Wednesday, February 6, 2019
COAL FOLDS: Forty cars of a coal train derailed in Montana last week, dumping an unknown amount of coal into nearby Rocky Creek.
“Some of the cars filled with coal were left intact while others were mangled,” the Bozeman Daily Chronicle reported. “Others folded like an accordion or fell off the tracks.”
Something analogous might be said of the Wyoming legislature’s attempt to smash open the Pacific states to more coal exports. That state’s House Judiciary Committee passed a bill last week that would authorize lawmakers to sue Washington for denying a crucial permit for a proposed coal-shipping terminal on the Columbia River.
Wyoming and five other states—Kansas, Montana, Nebraska, South Dakota, and Utah—are filing friend-of-the-court briefs siding with the developer of a proposed $680 million shipping facility at Longview, Washington.
The Powder River Basin in northeast Wyoming and southeast Montana is the nation’s top coal-producing region. Their problem? They don’t have ocean-front property.
Six other states that do have coasts—California, Maryland, New Jersey, New York, Massachusetts, and Oregon—have filed a friend-of-the-court brief in support of Washington. The Washington Department of Ecology denied the project a water-quality permit in 2017, saying there were too many major harmful effects including air pollution, rail safety and vehicle traffic. The Longview project is the only project still remaining among six coal terminals originally proposed for Oregon and Washington.
The coal industry suffered another heavy blow in the other Vancouver last week, as the British Columbia province joined the West Coast states and canceled a key permit for the Fraser Surrey Docks project.
The terminal was planned to ship 4 million tons of Powder River Basin coal to Asia, adding coal train traffic and air pollution to communities throughout the Pacific Northwest.
In 2014, the Port of Vancouver, BC, approved a plan for coal to be loaded onto barges for transport to Texada Island on to ships bound for Asia. The project was amended in 2015 to allow for direct loading onto ocean-going ships in the Fraser River. The company change would have meant 80 ships compared with 640 barges on the lower Fraser, including arrivals and departures, but communities such as Surrey and New Westminster remained adamantly opposed to the project.
Fraser Surrey Docks describes itself as the largest modern, multipurpose marine terminal on the west coast of North America, handling 300 to 400 deep-sea vessels per year.
“This is a massive victory for the health and safety of our communities and the stability of our climate,” Regna Merritt, co-director of the Power Past Coal coalition, said in a statement. “The Fraser Surrey terminal would have meant more dirty coal trains polluting the air and water in communities throughout Montana, Idaho, and Washington. The decision to cancel permits for this coal port shows that the world is turning away from the dirty energy of the past and towards a clean energy future.”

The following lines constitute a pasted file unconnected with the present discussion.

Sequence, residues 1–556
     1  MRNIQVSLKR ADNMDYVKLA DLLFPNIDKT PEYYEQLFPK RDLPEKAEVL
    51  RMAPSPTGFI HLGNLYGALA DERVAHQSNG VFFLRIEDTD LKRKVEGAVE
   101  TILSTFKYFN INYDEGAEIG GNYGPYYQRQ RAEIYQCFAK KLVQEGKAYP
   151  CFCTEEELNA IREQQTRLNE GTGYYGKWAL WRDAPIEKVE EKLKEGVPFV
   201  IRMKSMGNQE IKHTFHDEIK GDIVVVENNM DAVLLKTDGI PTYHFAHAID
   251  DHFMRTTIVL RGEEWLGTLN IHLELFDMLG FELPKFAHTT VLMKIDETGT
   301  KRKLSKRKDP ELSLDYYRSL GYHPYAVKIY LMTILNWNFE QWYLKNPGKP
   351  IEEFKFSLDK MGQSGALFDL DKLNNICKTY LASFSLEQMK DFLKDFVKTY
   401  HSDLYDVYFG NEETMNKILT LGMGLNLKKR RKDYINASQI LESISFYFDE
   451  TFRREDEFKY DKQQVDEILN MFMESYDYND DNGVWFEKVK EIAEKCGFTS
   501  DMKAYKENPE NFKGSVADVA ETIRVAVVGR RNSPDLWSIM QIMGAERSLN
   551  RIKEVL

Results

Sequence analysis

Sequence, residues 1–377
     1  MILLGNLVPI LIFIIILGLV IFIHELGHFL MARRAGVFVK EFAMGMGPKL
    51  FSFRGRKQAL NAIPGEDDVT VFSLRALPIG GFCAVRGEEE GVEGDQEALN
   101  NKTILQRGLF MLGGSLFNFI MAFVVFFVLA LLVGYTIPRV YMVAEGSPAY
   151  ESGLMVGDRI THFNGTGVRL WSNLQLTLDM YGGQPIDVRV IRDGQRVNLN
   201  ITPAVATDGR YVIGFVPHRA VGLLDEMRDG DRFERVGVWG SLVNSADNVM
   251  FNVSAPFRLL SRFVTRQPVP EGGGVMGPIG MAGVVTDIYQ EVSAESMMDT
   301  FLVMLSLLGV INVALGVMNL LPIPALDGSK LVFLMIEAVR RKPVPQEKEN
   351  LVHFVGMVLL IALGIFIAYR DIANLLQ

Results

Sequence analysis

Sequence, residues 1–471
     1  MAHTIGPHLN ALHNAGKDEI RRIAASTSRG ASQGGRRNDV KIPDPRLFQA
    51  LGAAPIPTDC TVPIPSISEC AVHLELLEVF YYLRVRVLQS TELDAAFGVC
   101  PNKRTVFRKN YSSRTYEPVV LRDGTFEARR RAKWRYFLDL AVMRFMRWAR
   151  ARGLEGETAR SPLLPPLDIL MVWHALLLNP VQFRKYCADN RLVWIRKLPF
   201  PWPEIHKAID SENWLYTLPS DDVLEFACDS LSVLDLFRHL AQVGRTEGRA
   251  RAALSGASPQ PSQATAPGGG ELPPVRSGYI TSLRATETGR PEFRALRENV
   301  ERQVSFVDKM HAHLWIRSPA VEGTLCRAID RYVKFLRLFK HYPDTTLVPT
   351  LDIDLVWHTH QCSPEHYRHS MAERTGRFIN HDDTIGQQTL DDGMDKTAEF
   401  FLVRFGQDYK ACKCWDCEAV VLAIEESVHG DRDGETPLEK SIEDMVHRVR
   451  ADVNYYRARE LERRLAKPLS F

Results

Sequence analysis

If coal is an unloved product in its export, it is equally unloved as a competitor in modern energy markets.
“We’ve seen plenty of actions over the past year and a half designed to end the coal industry’s long-term economic slide,” Sightline Institute’s Clark Williams-Derry notes, including new tariffs on renewable energy sources, rollbacks on the Obama administration’s clean power plan, and a call for outright subsidies for economically failing coal and nuclear plants. “Despite it all… the economics aren’t going to get any better for coal in the years to come,” Williams-Derry argues.
“The brutal truth is that even in a best-case scenario Asian coal demand would never be able to replace the production that’s going from the Powder River, which lost about 100 million short tons of output between 2014 and 2016 alone—greater than the total volume of U.S. coal exports,” analysts for the Institute for Energy Economics and Financial Analysis (IEEFA) concluded in a report in October.
It is a mined-out product; and chasing it to its grave exhausts our lives and our ecosystem.
Canada’s First Nations and Washington state tribes increased the pressure on British Columbia to join the West Coast coalition, calling for a moratorium on new marine vessel traffic stressors to the Salish Sea.
“Fisheries, resident orca populations, sacred sites and traditional economies are all threatened by new and/or expanded port facilities and the additional shipping associated with such facilities,” Coast Salish Nations on both sides of the Canadian/U.S. border noted in a joint press conference last week.
“Lummi Nation is calling for a moratorium on projects that would increase shipping and related pressures to the Salish Sea until a comprehensive, interjurisdictional cumulative impacts assessment has been conducted,” said Lawrence Solomon of the Lummi Indian Business Council.
“Our connection to the killer whale is personal, is relational, and goes back countless generations,” Lummi Chairman Jay Julius said. “Our name for them, qwe ‘lhol mechen, means our relations below the waves.”
Rueben George of the Tsleil-Waututh Nation, who also took part in last week’s press conference, spoke of his horror at declining orca and salmon numbers.
“That to me is the canary in the coal mine,” he said. “The animals are going… it’s happening, and it’s not going to be too long before it’s affecting all of us.”